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Peer Wars: Netflix SuperHD Streaming May Explain Video Traffic Slowdowns for Some Customers

The largest drops in streaming speeds are coming from ISPs that may be stalling necessary upgrades at the expense of their customers' online experience.

The largest drops in Netflix streaming speeds are coming from ISPs that may be stalling necessary upgrades at the cost of their paying customers’ online experience.

Netflix performance for Verizon customers is deteriorating because Verizon may be delaying bandwidth upgrades until it receives compensation for handling the growing amount of traffic coming from the online video provider.

Verizon customers have increasingly complained about Netflix slowdowns during prime-time, especially in the northeast, and Netflix’s latest statistics confirm FiOS customers have seen average performance drop by as much as 14% in the last month alone.

Verizon told Stop the Cap! a few weeks ago the company was not interfering with Netflix traffic or degrading its performance, but there is growing evidence that may not be the whole story. The Wall Street Journal reports Netflix and at least one bandwidth provider suspect phone and cable companies are purposely stalling on upgrading connections to handle traffic growth from Netflix until they are compensated for carrying its video traffic.

The dispute involves the plumbing behind parts of the Internet that are invisible to consumers. As more people stream movies and television, that infrastructure is getting strained, intensifying the debate over who should pay for upgrades needed to satisfy America’s online-video habit.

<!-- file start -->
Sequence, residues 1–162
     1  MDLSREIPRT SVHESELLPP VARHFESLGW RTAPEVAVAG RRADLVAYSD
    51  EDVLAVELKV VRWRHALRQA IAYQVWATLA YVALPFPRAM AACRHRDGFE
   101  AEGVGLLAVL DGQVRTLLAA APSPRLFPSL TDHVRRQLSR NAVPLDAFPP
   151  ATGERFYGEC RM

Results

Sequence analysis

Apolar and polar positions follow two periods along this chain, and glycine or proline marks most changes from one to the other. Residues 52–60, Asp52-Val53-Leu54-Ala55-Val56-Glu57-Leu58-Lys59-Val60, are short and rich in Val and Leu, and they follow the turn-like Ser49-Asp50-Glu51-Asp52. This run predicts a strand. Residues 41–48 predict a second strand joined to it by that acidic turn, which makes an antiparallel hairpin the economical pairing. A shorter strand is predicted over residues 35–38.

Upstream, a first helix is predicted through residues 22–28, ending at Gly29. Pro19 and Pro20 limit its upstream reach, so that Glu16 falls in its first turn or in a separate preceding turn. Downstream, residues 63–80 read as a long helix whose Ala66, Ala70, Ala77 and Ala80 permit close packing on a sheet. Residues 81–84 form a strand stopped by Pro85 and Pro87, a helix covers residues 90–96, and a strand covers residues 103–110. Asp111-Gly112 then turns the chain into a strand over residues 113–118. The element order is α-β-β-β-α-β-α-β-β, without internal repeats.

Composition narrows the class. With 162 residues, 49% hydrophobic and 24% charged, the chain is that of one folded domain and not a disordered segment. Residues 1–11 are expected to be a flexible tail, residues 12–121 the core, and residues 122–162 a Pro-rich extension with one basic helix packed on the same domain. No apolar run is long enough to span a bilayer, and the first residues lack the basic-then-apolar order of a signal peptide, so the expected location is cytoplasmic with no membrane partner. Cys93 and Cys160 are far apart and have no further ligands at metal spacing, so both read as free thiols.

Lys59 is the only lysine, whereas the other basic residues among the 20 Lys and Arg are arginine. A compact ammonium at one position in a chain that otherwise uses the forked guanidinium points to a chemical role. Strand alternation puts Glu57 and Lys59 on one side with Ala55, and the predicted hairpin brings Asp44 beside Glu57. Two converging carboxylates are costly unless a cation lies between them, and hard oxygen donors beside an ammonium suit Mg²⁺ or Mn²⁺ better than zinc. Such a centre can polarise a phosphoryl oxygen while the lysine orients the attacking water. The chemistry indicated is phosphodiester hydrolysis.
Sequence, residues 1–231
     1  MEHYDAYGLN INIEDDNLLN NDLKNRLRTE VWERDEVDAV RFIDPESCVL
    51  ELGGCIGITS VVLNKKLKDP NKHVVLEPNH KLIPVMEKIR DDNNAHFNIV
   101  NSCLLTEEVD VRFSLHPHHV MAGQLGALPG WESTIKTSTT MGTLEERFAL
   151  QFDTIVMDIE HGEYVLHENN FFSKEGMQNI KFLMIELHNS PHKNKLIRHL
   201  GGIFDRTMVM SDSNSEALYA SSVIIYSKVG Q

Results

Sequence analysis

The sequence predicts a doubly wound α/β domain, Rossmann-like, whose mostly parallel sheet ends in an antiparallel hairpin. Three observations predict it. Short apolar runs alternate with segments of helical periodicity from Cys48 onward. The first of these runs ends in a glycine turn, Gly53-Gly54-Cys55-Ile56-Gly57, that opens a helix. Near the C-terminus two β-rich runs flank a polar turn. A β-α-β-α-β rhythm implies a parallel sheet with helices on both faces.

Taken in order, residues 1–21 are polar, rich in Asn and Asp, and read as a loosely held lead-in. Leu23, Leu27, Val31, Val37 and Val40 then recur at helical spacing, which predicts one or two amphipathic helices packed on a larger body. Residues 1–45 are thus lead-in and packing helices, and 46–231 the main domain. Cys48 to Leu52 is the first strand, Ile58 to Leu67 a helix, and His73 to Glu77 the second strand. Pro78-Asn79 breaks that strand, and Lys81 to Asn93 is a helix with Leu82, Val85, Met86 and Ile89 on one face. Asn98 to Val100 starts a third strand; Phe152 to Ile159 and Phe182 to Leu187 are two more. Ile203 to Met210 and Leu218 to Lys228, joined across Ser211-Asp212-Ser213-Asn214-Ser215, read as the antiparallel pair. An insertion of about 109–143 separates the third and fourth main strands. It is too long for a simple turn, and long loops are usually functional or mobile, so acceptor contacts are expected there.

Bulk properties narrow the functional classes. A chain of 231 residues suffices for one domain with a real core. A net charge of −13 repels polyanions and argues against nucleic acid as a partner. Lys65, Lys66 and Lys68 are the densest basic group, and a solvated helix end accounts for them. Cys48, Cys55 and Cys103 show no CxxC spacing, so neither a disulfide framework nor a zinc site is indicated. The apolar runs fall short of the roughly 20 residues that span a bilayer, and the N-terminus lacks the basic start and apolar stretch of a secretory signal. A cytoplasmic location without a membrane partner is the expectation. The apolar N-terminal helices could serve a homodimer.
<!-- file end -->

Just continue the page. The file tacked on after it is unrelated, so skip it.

Netflix wants broadband companies to hook up to its new video-distribution network without paying them fees for carrying its traffic. But the biggest U.S. providers—Verizon, Comcast, Time Warner Cable and AT&T Inc. —have resisted, insisting on compensation.

The bottleneck has made Netflix unwatchable for Jen Zellinger, an information-technology manager from Carney, Md., who signed up for the service last month. She couldn’t play an episode of “Breaking Bad” without it stopping, she said, even after her family upgraded their FiOS Internet service to a faster, more expensive package. “We tried a couple other shows, and it didn’t seem to make any difference,” she said. Mrs. Zellinger said she plans to drop her Netflix service soon if the picture doesn’t improve, though she will likely hold on to her upgraded FiOS subscription.

She and her husband thought about watching “House of Cards,” but she said they probably will skip it. “We’d be interested in getting to that if we could actually pull up the show,” she said.

Netflix relies on third-party traffic distributors to deliver much of its streamed programming to customers around the country. Cogent Communications Group is a Netflix favorite. Cogent maintains two-way connections with many Internet Service Providers. When incoming and outgoing traffic are generally balanced, providers don’t complain. But when Cogent started delivering far more traffic to Verizon customers than what it receives from them, Verizon sought compensation for the disparity.